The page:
Nevertheless, it makes all the difference whether a hot medium is used in a hot or cool culture. The hot radio medium used in cool or nonliterate cultures has a violent effect, quite unlike its effect, say in England or America, where radio is felt as entertainment. A cool or low literacy culture cannot accept hot media like movies or radio as entertainment. (30-31)

Elsewhere in the chapter on hot and cold media, McLuhan again provides a warning not to take the meanings of the terms “hot” and “cool” media too literally, but to consider the context and situation. He argues that the less developed countries of the world may be in a better position than the industrialized West to cope with the arrival of electric technology:

However, backward countries that have experienced little permeation with our own mechanical and specialist culture are much better able to confront and to understand electric technology. Not only have backward and nonindustrial cultures no specialist habits to overcome in their encounter with electromagnetism, but they have still much of their traditional oral culture that has the total, unified “field” character of our new electromagnetism. (26-27)

Therefore, a medium’s “hotness” or “coolness” is not just a function of the nature of the medium itself but also the nature of the society into which the medium is introduced.

Third, whether a medium is hot or cool can also depend on how it is used in a particular society, and that can change over time. Media interact with one another, so the introduction of a new medium can change the way older media are used. As McLuhan points out, “no medium has its meaning or existence alone, but only in constant interplay with other media” (26); and “media as extensions of our senses institute new ratios, not only among our private senses, but among themselves, when they interact among themselves. Radio changed the form of the news story as much as it altered the film image. . .” (53). In addition, television changed the way we use radio, which McLuhan notes when he writes: “One of the many effects of television on radio has been to shift radio from an entertainment medium into a kind of nervous information system” (298). So a medium’s impact on a society is not linear and static, but multi-dimensional and dynamic as that medium interacts with other media and as the society changes how it uses the medium.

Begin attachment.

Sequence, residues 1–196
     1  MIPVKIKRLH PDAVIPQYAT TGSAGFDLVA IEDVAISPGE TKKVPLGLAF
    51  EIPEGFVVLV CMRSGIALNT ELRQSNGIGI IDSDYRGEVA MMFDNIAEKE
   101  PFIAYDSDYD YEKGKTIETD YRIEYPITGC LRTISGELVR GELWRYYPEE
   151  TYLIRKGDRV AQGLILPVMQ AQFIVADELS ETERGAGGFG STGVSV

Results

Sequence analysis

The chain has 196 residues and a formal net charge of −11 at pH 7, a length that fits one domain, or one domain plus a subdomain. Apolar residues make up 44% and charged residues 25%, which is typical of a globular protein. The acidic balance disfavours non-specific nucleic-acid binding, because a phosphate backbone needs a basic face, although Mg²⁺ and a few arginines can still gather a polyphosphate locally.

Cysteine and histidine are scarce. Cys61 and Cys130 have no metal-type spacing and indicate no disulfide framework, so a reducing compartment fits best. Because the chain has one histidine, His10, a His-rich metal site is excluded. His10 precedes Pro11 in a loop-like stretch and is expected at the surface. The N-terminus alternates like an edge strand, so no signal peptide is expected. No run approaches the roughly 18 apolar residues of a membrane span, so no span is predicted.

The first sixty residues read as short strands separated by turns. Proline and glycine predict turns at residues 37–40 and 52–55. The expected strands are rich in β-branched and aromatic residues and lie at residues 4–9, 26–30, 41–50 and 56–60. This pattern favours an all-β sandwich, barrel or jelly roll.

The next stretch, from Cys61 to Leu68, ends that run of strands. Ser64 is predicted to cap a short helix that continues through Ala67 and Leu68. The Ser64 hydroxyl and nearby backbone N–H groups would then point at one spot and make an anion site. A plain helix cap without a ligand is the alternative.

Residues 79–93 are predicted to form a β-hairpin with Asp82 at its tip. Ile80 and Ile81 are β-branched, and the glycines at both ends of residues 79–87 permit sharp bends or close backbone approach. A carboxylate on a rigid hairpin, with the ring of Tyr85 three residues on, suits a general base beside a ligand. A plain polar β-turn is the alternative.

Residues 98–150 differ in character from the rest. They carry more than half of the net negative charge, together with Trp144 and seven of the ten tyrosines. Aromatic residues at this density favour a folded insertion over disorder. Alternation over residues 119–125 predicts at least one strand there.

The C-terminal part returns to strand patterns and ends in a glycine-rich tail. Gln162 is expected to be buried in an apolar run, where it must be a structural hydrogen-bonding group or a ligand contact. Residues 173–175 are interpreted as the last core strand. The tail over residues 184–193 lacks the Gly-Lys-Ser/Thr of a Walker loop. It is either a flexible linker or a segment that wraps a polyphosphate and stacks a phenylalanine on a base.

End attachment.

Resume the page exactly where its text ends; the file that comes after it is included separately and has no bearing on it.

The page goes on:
Furthermore, McLuhan argues that media can “heat up” over time (which I will discuss in more detail in the next section), but, for now, consider television. Writing in the 1960s McLuhan described television as a cool medium, but one could argue that television has “heated up” since then as it has become more high definition and more ubiquitous. We do not use television today in the same way we used it in the 1950s and 1960s, when families frequently sat around the television watching one show at a time. Now we have multiple televisions and other types of screens (such as personal computers, laptops, cell phones, tablet computers) of multiple sizes in multiple locations (including on our person) that are available continuously to provide a stream of images, text, and other information that we often attend to in a fragmentary and desultory manner. Therefore the experience and effect of using electronic screen technology has heated up over time.

Thus we can see that for McLuhan the hot versus cool media distinction describes effects, not definitions. In addition, those effects can vary depending on the society’s stage of technological development, and those effects can change over time as that society changes and as that society changes how it uses that medium.